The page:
This post is part of an ongoing series about Unit Testing.
Before I start giving my advice about writing good tests (or specs), I want to talk a little bit about the history of unit testing and some of the terminology you may encounter as you read about testing.
In this series, my focus is on the testing that developers do as part of their day-to-day development cycle. There are a lot of other kinds of testing that need to happen for any application of size (performance testing, security testing, exploratory testing, and many more).
Developer testing is not a new concept, but became much more popular in the last 15 years or so as part of the advent of agile software development, notably the test-driven development (TDD) practice of Extreme Programming (XP).
TDD in its current form started with Kent Beck’s SUnit testing tool in Smalltalk. He later reimplemented the SUnit ideas in Java as JUnit with Erich Gamma. Implementations in many other languages followed and still exist today. In Ruby, we have Test::Unit which has pretty much been replaced by Minitest. Collectively, they are known as the xUnit family of testing frameworks.
In almost all of the xUnit frameworks, an individual test is a
specially named method implemented in a class that inherits from a
TestCase class. These classes are collected into test suites that
are then run by a test runner. Test case classes can also have
methods that perform common setup and cleanup (commonly called
tear-down) for all of the tests in the class.
Each test method generally follows the Arrange, Act, Assert pattern:
- Arrange: Set up test-specific state; create necessary objects, etc.
- Act: Perform the action to be tested.
- Assert: Determine whether the action had the desired effect.
xUnit frameworks typically have a number of assertion methods. The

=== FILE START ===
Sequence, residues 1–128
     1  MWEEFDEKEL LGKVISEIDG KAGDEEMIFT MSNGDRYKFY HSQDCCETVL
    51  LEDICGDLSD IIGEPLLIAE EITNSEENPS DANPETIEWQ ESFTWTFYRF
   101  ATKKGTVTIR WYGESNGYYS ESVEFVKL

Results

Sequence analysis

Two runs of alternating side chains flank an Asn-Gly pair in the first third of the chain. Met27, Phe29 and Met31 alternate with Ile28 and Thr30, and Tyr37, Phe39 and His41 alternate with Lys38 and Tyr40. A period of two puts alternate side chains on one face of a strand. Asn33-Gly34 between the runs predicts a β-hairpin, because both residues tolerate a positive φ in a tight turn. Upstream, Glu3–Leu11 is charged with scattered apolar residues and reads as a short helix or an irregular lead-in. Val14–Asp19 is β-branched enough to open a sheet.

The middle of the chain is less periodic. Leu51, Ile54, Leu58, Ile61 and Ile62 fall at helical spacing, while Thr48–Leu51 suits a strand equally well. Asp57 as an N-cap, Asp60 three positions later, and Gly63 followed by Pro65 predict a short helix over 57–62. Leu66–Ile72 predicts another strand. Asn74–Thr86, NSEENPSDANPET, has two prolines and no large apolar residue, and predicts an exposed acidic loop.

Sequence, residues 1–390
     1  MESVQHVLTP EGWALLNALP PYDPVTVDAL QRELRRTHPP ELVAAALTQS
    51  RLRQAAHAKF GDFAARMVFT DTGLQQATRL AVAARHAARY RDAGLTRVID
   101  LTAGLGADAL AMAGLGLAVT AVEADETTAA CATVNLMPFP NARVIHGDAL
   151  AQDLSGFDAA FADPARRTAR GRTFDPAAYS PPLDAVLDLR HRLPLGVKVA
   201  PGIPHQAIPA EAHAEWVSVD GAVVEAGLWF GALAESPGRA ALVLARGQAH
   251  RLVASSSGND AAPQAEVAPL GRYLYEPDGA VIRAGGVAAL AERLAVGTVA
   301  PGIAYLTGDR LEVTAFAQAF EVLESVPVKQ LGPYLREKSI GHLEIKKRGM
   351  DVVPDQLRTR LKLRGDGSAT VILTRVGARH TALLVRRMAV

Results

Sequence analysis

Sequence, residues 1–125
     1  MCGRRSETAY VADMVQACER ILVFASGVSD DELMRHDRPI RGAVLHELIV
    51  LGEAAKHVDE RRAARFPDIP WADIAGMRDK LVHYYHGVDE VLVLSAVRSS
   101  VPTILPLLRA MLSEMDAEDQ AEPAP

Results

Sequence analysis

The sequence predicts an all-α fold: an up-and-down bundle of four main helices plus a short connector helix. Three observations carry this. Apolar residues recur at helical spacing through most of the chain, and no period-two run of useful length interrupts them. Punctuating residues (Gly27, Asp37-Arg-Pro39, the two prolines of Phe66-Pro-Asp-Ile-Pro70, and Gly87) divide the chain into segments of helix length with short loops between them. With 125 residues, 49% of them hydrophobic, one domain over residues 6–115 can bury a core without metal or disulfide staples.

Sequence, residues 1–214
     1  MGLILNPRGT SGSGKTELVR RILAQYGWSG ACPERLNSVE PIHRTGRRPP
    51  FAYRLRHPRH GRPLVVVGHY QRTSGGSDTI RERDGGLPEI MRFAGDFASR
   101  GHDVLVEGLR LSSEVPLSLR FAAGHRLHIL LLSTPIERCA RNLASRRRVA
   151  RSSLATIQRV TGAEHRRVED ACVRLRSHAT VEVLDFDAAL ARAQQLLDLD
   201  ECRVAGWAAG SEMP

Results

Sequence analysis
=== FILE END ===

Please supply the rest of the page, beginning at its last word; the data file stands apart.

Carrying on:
assert method just checks a boolean condition. Other popular
assert methods include
assert_includes, and a
negative assertion such as
refute. It is also possible to
write your own assertions that fit better with your application
domain. I’ll talk more about this in later posts in the series.
The test runner creates a separate instance of the test case class for each individual test method. On that instance, it calls the setup method, the test method, and then the tear-down method. In this way, each test runs in an isolated environment so that the tests are independent of each other. Many versions of xUnit randomize the order of the tests from run to run in order to keep the tests free from subtle ordering dependencies.
Kent Beck’s Test-Driven Development By Example is the seminal work on the subject and well worth reading.
Behavior-Driven Development (BDD) is newer than TDD and was introduced by Dan North after he encountered difficulty when trying to teach TDD to new developers.
BDD as originally formulated typically has the specification broken up into “given”, “when”, and “then” sections that correspond to the “arrange”, “act”, and “assert” sections described above.
RSpec and Jasmine use a domain-specific language (DSL) to write
specifications. Specifications for a class or behavior are grouped
inside of a
describe block. Specifications that are related to each
other are grouped into
context blocks. Each individual
specification is placed in an
specify block. All of these